Fowler borrowed much from other theorists. Psychologist and psychoanalyst Erik Erikson (1902-1994) created a model for the psychosocial development of men and women, from which Fowler later drew inspiration. In lieu of a lengthy summary of Erikson’s (and Kohlberg’s) ideas, this comparative analysis will provide a brief overview, and focus more on the aspects that relate closest to Fowler’s finished product. According to Erikson’s “Life Span Theory of Development,” human growth goes through eight stages, each of which featuring a crisis that, if successfully conquered, will result in the development of a valuable virtue, such as hope, love, or wisdom. Erikson’s crises were: Trust vs. mistrust (infancy), autonomy vs. shame (toddlerhood), initiative vs. guilt (preschool), industry vs. inferiority (childhood), identity vs. role confusion (adolescence), intimacy vs. isolation (young adulthood), generativity vs. stagnation (middle adulthood), and integrity vs. despair (late adulthood) (Dunkel & Sefcek, 2009, p. 14). One’s ability to embody the more positive aspect of one of these pairs makes it likely one will do the same with the next positive aspect (p. 14).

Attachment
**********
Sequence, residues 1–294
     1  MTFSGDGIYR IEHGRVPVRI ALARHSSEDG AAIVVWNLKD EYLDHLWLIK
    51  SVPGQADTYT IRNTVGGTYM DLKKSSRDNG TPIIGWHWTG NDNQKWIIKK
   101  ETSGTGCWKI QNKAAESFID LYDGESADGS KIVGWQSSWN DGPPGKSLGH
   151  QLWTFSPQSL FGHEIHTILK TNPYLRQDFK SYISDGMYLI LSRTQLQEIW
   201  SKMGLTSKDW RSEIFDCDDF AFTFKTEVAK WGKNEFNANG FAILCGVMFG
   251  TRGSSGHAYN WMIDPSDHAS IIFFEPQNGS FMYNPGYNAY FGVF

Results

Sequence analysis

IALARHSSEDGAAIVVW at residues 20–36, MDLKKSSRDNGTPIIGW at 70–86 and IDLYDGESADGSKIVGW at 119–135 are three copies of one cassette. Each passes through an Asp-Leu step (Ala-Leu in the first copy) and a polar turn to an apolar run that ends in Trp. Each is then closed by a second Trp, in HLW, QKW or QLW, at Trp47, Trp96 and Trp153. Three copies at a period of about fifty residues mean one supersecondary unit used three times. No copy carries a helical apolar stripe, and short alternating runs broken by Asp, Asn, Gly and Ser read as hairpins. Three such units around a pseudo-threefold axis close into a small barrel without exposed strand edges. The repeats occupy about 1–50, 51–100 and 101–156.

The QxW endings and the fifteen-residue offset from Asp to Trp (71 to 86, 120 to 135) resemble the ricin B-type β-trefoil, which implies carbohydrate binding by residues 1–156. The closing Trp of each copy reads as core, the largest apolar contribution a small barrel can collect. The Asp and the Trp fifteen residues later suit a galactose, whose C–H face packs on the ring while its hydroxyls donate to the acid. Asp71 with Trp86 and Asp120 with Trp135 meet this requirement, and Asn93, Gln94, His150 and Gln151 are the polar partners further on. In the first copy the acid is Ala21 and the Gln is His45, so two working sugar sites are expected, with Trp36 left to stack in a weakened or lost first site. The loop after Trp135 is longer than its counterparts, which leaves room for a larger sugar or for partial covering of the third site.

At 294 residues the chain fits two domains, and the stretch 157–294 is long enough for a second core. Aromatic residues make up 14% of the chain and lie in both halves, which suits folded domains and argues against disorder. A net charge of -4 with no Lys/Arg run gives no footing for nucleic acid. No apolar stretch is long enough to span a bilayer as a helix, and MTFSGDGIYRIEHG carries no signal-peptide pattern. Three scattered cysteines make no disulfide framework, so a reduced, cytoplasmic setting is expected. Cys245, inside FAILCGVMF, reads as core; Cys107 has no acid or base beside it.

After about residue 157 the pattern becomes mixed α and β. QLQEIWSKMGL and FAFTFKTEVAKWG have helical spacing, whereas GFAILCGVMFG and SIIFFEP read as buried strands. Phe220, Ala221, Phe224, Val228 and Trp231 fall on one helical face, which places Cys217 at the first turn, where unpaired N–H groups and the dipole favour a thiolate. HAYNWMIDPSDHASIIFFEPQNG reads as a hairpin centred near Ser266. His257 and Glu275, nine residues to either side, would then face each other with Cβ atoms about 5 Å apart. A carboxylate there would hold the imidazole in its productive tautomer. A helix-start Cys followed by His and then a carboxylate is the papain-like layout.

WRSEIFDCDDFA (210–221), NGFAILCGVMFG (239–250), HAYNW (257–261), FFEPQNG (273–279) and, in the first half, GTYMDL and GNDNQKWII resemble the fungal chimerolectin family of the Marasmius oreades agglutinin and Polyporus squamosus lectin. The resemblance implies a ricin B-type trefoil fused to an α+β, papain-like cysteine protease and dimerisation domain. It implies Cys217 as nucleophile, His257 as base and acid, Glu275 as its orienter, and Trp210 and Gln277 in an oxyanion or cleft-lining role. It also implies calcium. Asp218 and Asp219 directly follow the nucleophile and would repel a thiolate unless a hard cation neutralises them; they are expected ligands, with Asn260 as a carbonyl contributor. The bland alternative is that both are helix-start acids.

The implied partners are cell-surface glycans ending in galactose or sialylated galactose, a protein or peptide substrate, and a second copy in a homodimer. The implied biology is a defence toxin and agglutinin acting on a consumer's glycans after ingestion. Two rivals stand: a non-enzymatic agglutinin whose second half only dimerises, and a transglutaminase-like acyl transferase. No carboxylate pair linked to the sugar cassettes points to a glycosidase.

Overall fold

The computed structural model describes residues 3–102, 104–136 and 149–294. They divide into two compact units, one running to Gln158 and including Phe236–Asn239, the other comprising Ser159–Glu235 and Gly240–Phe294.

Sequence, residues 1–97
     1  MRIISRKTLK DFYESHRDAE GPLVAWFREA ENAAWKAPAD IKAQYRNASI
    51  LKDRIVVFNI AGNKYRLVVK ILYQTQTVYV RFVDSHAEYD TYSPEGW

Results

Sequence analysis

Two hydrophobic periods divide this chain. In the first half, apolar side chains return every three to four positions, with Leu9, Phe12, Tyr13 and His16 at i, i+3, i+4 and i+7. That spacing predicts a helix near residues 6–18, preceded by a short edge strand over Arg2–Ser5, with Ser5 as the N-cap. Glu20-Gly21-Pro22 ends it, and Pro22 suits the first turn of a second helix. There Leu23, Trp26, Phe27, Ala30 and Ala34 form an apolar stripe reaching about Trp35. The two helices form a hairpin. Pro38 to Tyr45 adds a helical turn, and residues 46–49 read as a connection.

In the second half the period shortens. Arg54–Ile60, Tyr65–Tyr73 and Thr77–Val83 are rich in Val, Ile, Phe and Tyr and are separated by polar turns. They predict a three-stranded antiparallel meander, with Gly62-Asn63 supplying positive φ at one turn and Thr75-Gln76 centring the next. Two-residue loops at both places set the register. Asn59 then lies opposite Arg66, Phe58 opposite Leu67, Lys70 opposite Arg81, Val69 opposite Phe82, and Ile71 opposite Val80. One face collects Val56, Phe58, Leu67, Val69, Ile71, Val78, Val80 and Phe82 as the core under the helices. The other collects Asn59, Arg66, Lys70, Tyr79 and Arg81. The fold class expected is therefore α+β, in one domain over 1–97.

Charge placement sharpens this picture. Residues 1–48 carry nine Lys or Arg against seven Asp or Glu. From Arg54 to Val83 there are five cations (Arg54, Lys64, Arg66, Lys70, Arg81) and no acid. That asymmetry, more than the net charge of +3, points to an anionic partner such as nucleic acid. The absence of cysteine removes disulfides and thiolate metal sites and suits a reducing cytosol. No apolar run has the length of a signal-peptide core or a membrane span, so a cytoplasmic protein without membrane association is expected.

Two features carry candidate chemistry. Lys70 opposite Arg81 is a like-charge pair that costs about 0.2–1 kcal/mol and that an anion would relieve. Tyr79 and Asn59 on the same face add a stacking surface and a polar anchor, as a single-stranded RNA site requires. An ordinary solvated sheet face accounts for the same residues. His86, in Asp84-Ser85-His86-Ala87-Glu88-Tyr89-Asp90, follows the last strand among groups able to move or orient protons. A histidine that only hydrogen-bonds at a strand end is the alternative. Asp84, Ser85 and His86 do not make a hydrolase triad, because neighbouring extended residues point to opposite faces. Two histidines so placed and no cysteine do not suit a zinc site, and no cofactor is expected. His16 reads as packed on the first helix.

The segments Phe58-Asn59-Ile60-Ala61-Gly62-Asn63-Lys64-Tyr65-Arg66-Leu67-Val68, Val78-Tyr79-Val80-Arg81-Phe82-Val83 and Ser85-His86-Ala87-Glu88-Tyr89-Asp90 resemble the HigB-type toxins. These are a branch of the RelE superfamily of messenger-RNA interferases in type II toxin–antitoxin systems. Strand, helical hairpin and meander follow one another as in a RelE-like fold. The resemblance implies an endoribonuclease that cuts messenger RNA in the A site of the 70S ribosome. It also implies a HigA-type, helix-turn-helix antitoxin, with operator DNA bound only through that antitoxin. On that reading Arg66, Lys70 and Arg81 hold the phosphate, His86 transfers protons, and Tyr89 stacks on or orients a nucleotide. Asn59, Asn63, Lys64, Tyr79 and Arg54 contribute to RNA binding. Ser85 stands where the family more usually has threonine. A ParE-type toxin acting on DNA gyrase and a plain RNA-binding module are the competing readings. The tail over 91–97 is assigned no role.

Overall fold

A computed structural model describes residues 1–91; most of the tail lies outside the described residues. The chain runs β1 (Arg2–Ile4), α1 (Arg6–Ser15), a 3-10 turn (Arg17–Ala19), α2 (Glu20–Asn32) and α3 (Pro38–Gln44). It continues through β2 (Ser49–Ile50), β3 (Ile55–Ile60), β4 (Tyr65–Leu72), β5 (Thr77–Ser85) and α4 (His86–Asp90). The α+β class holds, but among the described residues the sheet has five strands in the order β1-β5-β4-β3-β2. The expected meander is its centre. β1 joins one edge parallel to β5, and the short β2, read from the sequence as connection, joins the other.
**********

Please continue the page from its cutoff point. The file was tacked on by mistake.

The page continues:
Fowler liked Erikson’s trust vs. mistrust idea, seeing it as the very foundation of faith development. Clearly, trust becomes a critical theme as one is exposed to spiritual beliefs, the “known”-yet-unseen. Can one trust the holy book? Can one trust the priest, rabbi, or parent? It is interesting to consider how the development of trusting or distrusting relationships will affect future spiritual development. What are the results of the trust vs. mistrust conflict? Erikson felt that “for basic trust versus mistrust a marked tendency toward trust results in hope” (Dunkel & Sefcek, p. 13), which implies a lack of hope if unresponsive caretakers breed feelings of mistrust. While it was strictly Erikson concerned with virtues gained from each life stage, Fowler, in adapting Erikson’s first stage, provides in his model a single stage with conflict. It begs questions. Can one successfully enter the intuitive-projective stage without building trusting relationships in the infant pre-stage? If so, what is the impact of mistrust in stage 1, and all the following stages? Could it mean different perspectives of God (for instance, perhaps as less fair-minded during the formation of concrete operational thought in the mythic-literal stage)? Would one likely progress through the stages more rapidly, or more slowly? Hypothetically, one less trusting might be quicker to see problems and contradictions in faith, advancing to the individuative-reflective stage sooner. Further, Erikson believed “optimal psychological health is reached when a ‘favorable ratio’ between poles is reached” (p. 13), meaning a positive trust-mistrust ratio is all that’s needed to develop hope and move through the stage. Therefore, “a ‘favorable ratio’ indicates that one can be too trusting” (p. 13). What will be the impact on faith development for someone who has grown too trusting of people? By their nature, both Erikson’s and Fowler’s stages build upon each other. For Erikson, trust made it “more likely the individual will develop along a path that includes a sense of autonomy, industry, identity, intimacy, generativity, and integrity” (p. 14). If Fowler’s model is built on the same principle of trust acquisition, what will happen to faith when the foundation is not ideal?